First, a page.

SEC Charges Marquis Properties and Its Principals With Operating a Ponzi Scheme
The Securities and Exchange Commission (SEC) obtained an asset freeze and other ancillary relief against Marquis Properties, LLC, and its CEO/President Chad Deucher for orchestrating a $28 million Ponzi scheme that defrauded more than 250 investors throughout the United States. The complaint also names Marquis’ Executive Vice President, Richard (“Rick”) Clatfelter as a defendant.
According to the SEC’s complaint, filed on January 19, 2016 in federal court in Utah:
- From March 2010, Marquis, through Deucher and Clatfelter, orchestrated a scheme to defraud unwitting investors by inducing them to invest in notes and investment contracts collateralized by real estate.
- Marquis represented that it would use investor funds to purchase real properties and that investors would receive guaranteed profits and return of principal upon sale of the properties. Marquis represented that investments were safe and low risk because the notes and investment contracts were 100% collateralized by valuable real property.
- Marquis failed to purchase properties with investor funds, however, and properties offered as collateral were often not owned by Marquis, were substantially encumbered, or were in uninhabitable or blighted condition.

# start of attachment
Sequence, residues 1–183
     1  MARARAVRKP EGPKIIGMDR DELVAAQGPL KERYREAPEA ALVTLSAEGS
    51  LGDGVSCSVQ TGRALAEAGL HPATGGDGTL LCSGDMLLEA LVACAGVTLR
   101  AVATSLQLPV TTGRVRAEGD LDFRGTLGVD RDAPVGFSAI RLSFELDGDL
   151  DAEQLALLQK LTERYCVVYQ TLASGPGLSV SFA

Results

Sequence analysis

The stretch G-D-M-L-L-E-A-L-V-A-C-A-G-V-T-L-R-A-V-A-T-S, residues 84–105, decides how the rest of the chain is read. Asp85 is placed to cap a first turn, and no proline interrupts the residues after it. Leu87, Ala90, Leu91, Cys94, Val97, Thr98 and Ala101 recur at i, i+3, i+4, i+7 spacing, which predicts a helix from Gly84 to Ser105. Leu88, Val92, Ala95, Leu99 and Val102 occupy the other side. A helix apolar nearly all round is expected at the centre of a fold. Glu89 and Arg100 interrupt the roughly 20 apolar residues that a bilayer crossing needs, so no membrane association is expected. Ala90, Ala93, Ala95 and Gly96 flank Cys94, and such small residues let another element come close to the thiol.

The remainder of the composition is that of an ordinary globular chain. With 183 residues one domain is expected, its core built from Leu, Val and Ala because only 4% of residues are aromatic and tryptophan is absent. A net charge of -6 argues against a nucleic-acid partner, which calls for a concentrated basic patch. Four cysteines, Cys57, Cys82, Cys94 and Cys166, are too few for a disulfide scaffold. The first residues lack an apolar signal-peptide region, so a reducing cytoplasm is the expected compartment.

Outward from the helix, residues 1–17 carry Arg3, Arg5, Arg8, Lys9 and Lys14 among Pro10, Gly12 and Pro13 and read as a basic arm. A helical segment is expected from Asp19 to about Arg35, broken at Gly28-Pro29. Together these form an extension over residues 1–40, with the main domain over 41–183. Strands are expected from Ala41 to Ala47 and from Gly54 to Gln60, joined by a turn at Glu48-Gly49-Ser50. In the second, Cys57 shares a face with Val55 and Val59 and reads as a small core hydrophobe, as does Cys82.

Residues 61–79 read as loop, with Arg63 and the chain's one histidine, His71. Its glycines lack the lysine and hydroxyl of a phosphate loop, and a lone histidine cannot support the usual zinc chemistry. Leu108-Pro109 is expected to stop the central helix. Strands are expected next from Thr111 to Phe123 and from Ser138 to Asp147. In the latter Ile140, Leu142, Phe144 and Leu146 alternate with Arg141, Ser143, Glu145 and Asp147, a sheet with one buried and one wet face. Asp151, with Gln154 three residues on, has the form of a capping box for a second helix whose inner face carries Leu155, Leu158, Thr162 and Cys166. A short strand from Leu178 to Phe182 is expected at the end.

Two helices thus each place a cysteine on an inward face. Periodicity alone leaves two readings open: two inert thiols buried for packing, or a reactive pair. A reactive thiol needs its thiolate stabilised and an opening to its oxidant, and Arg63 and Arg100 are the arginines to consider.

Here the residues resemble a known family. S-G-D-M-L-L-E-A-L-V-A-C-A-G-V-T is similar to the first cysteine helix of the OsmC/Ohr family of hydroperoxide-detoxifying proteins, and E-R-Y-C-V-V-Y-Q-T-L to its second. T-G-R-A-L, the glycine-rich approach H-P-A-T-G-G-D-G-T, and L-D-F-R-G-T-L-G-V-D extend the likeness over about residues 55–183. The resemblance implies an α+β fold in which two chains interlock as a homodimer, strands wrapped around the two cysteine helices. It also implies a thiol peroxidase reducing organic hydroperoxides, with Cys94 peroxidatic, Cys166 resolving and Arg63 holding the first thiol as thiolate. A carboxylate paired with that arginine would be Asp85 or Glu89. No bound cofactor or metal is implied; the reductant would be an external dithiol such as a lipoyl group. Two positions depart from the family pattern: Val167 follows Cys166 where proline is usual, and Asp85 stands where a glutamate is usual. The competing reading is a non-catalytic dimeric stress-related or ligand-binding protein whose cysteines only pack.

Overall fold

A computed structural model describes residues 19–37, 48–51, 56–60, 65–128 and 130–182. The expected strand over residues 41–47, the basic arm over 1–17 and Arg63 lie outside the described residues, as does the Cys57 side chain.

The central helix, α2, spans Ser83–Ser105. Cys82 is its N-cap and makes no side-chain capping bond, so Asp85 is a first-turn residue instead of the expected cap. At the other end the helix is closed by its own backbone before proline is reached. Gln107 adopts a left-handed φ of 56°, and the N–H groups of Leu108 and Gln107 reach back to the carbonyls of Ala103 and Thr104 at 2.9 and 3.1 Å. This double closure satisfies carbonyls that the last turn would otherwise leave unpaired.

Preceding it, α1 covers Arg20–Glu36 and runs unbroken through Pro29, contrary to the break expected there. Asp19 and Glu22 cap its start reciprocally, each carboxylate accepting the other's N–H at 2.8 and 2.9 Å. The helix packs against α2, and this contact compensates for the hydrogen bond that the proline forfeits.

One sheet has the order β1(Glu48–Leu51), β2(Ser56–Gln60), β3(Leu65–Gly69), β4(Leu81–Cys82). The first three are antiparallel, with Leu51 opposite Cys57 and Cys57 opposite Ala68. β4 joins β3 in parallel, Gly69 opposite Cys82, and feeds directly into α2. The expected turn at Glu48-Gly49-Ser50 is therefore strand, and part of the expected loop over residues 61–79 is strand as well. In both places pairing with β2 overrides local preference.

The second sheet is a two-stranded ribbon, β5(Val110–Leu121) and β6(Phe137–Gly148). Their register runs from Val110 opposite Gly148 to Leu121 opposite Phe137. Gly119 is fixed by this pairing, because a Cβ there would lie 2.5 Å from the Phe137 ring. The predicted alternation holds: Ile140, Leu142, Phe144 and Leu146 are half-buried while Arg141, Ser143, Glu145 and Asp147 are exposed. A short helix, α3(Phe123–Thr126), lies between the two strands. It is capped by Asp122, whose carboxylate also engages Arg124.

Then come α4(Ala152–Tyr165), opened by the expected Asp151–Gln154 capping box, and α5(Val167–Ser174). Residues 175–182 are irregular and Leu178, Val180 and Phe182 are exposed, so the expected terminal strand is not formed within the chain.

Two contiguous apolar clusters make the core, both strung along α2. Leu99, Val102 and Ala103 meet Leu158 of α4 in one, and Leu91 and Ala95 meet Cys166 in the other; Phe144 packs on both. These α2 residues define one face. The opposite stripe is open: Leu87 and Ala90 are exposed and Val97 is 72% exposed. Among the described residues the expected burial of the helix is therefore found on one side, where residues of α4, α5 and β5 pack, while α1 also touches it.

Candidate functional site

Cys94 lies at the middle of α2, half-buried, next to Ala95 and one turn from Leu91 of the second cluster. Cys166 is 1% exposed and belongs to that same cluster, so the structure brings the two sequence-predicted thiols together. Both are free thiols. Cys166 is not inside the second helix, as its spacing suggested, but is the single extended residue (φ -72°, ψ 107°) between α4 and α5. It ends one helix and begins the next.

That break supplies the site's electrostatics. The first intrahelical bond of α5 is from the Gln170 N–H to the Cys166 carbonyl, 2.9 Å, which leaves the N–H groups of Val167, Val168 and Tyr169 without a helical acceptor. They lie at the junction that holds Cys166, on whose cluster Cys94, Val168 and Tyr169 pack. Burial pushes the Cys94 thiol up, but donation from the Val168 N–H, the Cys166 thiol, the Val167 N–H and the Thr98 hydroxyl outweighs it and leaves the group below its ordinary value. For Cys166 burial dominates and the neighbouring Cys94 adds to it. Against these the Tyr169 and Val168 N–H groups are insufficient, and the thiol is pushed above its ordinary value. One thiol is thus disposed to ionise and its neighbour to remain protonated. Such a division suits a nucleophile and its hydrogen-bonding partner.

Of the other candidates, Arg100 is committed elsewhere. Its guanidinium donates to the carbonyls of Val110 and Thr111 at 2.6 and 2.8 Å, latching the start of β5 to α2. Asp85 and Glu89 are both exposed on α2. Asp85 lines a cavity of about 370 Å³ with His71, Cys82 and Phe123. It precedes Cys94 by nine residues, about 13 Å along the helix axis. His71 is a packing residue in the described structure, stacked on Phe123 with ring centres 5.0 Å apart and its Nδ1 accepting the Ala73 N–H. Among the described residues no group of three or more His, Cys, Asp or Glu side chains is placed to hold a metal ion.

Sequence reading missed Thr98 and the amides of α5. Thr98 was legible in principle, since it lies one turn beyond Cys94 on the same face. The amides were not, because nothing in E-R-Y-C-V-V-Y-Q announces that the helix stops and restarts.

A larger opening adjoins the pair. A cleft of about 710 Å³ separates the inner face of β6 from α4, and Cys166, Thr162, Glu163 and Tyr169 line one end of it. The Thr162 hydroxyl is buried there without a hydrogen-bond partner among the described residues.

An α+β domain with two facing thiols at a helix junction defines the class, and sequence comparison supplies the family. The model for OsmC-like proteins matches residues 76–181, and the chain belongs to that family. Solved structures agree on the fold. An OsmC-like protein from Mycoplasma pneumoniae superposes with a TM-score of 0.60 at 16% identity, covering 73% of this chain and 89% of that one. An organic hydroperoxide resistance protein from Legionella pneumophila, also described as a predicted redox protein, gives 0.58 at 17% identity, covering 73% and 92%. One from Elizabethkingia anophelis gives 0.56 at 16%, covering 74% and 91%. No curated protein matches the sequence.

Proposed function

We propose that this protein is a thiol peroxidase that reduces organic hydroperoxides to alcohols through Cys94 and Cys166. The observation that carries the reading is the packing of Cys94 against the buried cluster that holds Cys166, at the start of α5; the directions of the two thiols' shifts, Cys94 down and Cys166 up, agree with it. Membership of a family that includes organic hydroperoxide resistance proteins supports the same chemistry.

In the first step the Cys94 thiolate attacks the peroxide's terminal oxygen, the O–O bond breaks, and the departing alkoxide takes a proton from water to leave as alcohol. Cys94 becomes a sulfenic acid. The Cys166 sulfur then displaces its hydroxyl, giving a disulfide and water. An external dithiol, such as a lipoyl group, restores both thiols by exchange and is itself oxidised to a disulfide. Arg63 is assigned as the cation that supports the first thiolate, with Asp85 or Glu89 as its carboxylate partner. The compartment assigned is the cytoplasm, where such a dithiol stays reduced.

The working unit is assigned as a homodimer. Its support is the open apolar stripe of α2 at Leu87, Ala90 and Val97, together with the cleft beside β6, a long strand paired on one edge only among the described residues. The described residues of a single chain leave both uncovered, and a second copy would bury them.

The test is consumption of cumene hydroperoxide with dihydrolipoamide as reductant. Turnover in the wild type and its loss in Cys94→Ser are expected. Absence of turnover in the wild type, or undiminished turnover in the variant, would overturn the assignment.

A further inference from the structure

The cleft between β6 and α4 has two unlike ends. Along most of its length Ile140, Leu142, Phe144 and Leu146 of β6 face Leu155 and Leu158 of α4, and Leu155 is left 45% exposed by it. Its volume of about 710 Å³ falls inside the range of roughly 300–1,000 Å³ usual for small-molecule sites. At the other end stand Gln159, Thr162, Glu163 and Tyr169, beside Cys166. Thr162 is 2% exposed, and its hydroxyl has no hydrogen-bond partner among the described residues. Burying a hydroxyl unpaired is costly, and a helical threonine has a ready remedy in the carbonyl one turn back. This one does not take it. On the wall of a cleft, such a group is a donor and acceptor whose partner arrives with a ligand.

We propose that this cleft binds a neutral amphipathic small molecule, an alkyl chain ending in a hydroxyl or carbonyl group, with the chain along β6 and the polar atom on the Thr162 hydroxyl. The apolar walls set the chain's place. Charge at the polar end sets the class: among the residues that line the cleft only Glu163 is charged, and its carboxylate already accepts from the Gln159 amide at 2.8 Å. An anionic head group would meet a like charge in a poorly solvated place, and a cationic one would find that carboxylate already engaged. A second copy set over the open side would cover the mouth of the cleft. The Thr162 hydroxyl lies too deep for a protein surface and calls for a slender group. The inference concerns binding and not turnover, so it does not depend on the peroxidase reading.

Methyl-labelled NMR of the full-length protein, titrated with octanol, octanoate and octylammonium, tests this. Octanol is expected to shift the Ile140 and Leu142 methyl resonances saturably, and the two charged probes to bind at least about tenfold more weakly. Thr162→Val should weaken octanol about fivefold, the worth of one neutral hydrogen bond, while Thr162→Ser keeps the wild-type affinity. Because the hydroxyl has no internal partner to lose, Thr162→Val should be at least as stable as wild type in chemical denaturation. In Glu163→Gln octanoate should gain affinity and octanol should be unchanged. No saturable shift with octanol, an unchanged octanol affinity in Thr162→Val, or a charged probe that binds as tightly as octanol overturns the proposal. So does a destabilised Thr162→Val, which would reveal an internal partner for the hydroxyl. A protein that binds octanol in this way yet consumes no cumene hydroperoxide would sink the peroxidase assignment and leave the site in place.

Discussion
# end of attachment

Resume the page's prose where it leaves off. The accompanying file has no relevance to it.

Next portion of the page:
- Rather than using investor funds as represented, Marquis used investor funds to pay returns to earlier investors, in a classic Ponzi scheme. Marquis could not have paid returns to earlier investors without the influx of new investor money.
- Deucher caused Marquis to use investor funds to pay personal expenses of Deucher and directed Marquis to provide investor funds to his wife.
The SEC’s complaint charges Marquis, Deucher, and Clatfelter with violations of Sections 5(a), 5(c), and 17(a) of the Securities Act of 1933 and Section 10(b) of the Securities Exchange Act of 1934 (“Exchange Act”). The complaint also charges Deucher and Clatfelter with violation of Section 15(a) of the Exchange Act, and names Jessica Deucher as a relief defendant. The SEC is seeking injunctive relief, disgorgement, prejudgement interest, and civil money penalties from Marquis, Deucher, and Clatfelter.
For further information about this securities law blog post, please contact Brenda Hamilton, Securities Attorney at 101 Plaza Real S, Suite 202 N, Boca Raton, Florida, (561) 416-8956, by email at [email protected] or visit www.securitieslawyer101.com. This securities law blog post is provided as a general informational service to clients and friends of Hamilton & Associates Law Group and should not be construed as, and does not constitute legal advice on any specific matter, nor does this message create an attorney-client relationship. Please note that the prior results discussed herein do not guarantee similar outcomes.